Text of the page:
Janie Tankard ’12 saw the homeless every day on her way to and from class at Harvard College. She wanted to help, but wondered if the spare change many asked for was the most effective way to lend a hand. When Winter Break arrived, Tankard decided to use the time to make a difference.
“As a volunteer at the Harvard Square Homeless Shelter (HSHS), I feel like I’m doing something with a very tangible impact,” she says. “I’m obviously not solving the problem of homelessness, but I am doing a small part to show compassion and to help provide immediate relief to the guests.”
Tankard is one of more than two dozen Harvard undergraduates who returned to campus early to do service at the only student-run homeless shelter in the country. She and her fellow HSHS volunteers spent at least 25 hours per week during January providing food and short-term lodging for the 25 to 29 guests who visited the shelter each night. Conor Walsh ’12, an administrative director of HSHS, says that Winter Break is an opportunity for many students to help the needy, to see what the shelter does, and to get a better understanding of the problem of homelessness in the Boston area.
“Many students have never volunteered with us before,” he says. “We give them an immersive experience and show them how the shelter operates. They learn about issues of homelessness in Harvard Square, get to know the staff and each other very well, and develop new friendships and new partnerships in that way.”
HSHS is a 24-bed facility that operates from Nov. 15 through April 15 in the lower level of the University Lutheran Church at 66 Winthrop St. Guests call in each morning to enter their names into a randomized lottery for any open beds in the shelter. Those that get a slot can stay for up to 14 nights, during which they will also get breakfast, dinner, and snacks, as well as access to showers and toiletries. If temperatures are below freezing or the weather is wet, volunteers will set up five emergency beds to accommodate additional guests on a night-by-night basis.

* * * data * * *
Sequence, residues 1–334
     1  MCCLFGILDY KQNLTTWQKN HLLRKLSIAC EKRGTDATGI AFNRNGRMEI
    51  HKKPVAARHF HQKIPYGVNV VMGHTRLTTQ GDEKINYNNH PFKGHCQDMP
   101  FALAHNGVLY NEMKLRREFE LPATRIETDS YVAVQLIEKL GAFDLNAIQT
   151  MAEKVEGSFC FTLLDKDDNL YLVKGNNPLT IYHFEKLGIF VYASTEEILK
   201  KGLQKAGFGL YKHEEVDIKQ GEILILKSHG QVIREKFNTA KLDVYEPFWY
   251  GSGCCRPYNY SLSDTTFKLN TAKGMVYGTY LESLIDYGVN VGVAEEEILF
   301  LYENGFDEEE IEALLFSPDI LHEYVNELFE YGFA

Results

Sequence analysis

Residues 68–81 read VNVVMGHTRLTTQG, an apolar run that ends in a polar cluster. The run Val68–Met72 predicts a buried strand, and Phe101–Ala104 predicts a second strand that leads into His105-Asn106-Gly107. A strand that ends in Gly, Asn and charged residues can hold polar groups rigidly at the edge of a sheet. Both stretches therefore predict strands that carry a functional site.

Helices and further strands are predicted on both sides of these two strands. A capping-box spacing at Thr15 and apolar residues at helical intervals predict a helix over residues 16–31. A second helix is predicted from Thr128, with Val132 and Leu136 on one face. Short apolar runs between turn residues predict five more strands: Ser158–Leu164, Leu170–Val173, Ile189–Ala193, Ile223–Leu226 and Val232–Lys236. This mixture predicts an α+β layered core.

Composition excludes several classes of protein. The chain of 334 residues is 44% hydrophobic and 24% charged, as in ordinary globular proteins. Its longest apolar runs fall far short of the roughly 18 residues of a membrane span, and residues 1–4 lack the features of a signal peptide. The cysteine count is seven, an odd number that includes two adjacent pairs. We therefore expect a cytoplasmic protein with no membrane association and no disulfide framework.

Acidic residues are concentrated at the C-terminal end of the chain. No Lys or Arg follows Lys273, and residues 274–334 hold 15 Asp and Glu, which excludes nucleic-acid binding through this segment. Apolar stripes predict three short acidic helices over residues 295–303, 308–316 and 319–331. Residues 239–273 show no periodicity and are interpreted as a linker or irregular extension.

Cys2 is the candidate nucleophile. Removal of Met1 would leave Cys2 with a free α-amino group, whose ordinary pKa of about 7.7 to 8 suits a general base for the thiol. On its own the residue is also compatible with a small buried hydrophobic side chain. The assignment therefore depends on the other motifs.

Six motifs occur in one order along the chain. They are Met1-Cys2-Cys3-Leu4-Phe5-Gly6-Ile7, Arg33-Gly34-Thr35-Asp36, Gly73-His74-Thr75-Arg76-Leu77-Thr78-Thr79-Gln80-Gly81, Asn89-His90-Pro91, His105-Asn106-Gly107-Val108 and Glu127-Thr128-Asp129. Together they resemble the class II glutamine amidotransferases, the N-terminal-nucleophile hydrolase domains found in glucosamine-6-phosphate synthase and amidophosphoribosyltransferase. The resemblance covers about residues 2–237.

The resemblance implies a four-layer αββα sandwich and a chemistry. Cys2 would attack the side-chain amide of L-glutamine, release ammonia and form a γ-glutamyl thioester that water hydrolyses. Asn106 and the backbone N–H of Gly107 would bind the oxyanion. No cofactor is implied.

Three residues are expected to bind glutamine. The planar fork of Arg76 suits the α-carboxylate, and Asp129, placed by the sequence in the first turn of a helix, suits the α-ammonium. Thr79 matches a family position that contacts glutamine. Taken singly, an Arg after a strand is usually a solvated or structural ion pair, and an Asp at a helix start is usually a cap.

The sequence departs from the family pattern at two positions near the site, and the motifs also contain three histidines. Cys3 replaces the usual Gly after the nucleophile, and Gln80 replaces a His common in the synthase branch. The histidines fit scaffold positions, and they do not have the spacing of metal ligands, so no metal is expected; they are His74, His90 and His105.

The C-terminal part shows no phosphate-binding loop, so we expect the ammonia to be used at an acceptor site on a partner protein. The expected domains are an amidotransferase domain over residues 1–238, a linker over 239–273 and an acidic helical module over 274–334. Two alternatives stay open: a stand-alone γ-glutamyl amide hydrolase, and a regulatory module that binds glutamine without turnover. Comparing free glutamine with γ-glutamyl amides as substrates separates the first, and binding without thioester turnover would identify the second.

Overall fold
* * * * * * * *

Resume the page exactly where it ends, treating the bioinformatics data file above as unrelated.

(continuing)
“We have served 149 unique guests to date this year, and have given out 652 meal slips to guests not staying overnight,” says Charlie Hobbs ’13, also an administrative director at HSHS. “Most of our guests are local to Massachusetts. They spend a lot of time in the square. Many are chronically homeless, which means they’ve stayed with us for three years, off and on.”
The HSHS street team extends the facility’s impact by venturing into Harvard Square to hand out food, blankets, gloves, and socks on cold nights, and to make sure that locals know how to access the shelter’s services. Student volunteers also help guests create résumés and connect them with government support programs such as food stamps and Social Security.
“We try to connect older adults with job training, permanent housing, mental health and social services,” says volunteer director Peter Grbac ’12. “With youth, it’s about entering the job market. We help them to create résumés, and to look at mental health issues in a different way.”
HSHS relies heavily on volunteers from the local community to cover shifts at the shelter during Winter Break, when students are away. Beginning last year, however, the College allowed undergraduates to return to residence early to work at HSHS. Grbac says that the administration’s support has a big impact, both during the break and beyond.
“The College was gracious enough to offer housing to 20-25 students who committed to working at the shelter for at least 25 hours per week,” he says. “Many never volunteered with us before, but based on the response so far, we think a substantial number will stay on during the term. Last year we had 15 volunteers during break. About half continued on with us.”
During Wintersession, Tankard worked two overnight shifts (11 p.m.-9 a.m.), a breakfast shift (6:30-9 a.m.), a dinner shift (6:45-9:15 p.m.), and an evening shift (9-11:15 p.m.). Each slot had different responsibilities: dishwashing, laundry, and monitoring overnight; cooking at breakfast and dinner; clean-up and prepping takeout meals for street teams and for hungry visitors during the evening. Tankard says that the best part of the work was getting to know the guests.
“I love talking with the guests and learning more about their life stories,” she says. “It has been incredibly humbling and prompted a lot of personal reflection. The guests I have interacted with so far are warm and articulate. One in particular, Michael, used to be a chef and has been really sweet to me, giving me tips on how to cook pancakes and gourmet crepes and on what cuts of meat to buy.”
Tankard says that she may well become a regular at HSHS. A member of the Harvard-Radcliffe Christian Fellowship, she says that the service allows her to put her faith into action.
“I would definitely be interested in continuing to be involved with the shelter during the spring semester if my schedule allows for it,” Tankard says. “It’s a very tangible way to love those people that society often prefers to ignore. I have been very blessed through this experience and have really been learning a lot spiritually.”